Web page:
Trojan Horse (Arcimboldesque)  

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Trojan Horse (1700) by Arcimboldo, in the collection of National Portrait Gallery (Sweden)
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Trojan Horse (1700) by Arcimboldo, in the collection of National Portrait Gallery (Sweden)

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Kunstformen der Natur (1904) by Ernst Haeckel
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Kunstformen der Natur (1904) by Ernst Haeckel

Trojan Horse[1] is a painting by what is believed to be a follower of Giuseppe Arcimboldo. The work is located in Sweden's National Portrait Gallery and it stems from the collection of K. Gerhard.

It is depicted in color Les Tentations de Bosch ou L'éternel retour on page 111.

The Trojan Horse, that eternal symbol of deceit, was an innocent-looking wooden effigy filled with armed and waiting Greeks. When the Milanese painter Giuseppe Arcimboldo addressed himself to this idea, he carried it a step further: omitting wood, he composed his horse entirely of the writhing bodies of soldiers. Its eyes are two dark heads, its mane a row of flaming torches.Horizon (U.S. magazine), 1960)[2]

The image was first brought online by Il Giornale Nuovo in 2005[3], who scanned it from FMR.

The aforementioned book Les Tentations de Bosch ou L'éternel retour notes the painting's bibliography as Legrand, 1955; Connaissance, 1957; Arcimboldo, 1987; Brion, 1991; Davezac, 1991; Marandel, 1991 and Nomé, 1991. See Giuseppe_Arcimboldo#Historiography. This bibliography is suspect because Brion died in 1984 so he could not have written on Arcimboldo in 1991. Also, Gripsholm is misspelled as Grinsholm.

A blog by the name of Queridobestiario (dear bestiary) has the following details:

Trojan Horse, c. 1700
Oil on Canvas, 77 x 94 cm
Statens Porträttgalleri
Gripsholm Castle, Mariefred, Sweden
Within the context of the painting of "caprice", considered by Zuccaro as "things eclectic and fantastic", the theme of the Trojan Horse is a late production which made fortune throughout Europe, and has even become popular, especially in the version made "à l'Arcimboldo", to whom the painting has been often erroneously attributed. In this case, the Trojan horse, and according to legend, takes shape through an accumulation of characters, which, in a wheeled base, represent (using the contours reminiscent of a circus) the legs, back, neck, tail and nose of the animal . Those around the curve of the neck carry flaming torches, the flames forming the horse's mane, while recalling the fact that the city of Troy was burnt after this clever subterfuge. At the bottom right we see a boat of fire, and ready to sink. The formation of images, portraits and animals through the careful accumulation of human characters finds a remarkable parallelism, for example, in Herod, from an anonymous author, and belonging to the Tiroler Landesmuseum Ferdinandeum in Innsbruck.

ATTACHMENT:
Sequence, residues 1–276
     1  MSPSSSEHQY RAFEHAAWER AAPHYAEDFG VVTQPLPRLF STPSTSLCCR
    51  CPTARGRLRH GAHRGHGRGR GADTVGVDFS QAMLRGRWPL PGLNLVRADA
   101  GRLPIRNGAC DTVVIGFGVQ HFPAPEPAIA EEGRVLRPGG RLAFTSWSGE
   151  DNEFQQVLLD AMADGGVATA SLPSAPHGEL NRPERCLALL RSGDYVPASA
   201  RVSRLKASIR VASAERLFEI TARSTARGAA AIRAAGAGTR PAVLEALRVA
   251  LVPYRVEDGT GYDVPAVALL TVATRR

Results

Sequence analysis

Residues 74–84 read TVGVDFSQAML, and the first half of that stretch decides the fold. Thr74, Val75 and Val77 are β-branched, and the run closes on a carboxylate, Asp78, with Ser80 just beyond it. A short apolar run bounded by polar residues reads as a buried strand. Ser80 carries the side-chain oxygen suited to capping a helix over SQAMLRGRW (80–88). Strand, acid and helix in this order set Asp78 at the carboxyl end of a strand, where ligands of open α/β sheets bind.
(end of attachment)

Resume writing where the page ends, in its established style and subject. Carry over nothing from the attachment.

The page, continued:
The Statens porträttgalleri (National Portrait Gallery of Sweden) opened at the palace of Gripsholm in 1823. Presumably the first national portrait gallery in the world, it drew on a tradition of Gripsholm being a palace with a large collection of portraits that had been more or less publicly available since at least the 1720s.[4]

References

Grh. 3952 / D. 50.923 Prov.: Col. K. Gerhard

See also




Unless indicated otherwise, the text in this article is either based on Wikipedia article "Trojan Horse (Arcimboldesque)" or another language Wikipedia page thereof used under the terms of the GNU Free Documentation License; or on original research by Jahsonic and friends. See Art and Popular Culture's copyright notice.

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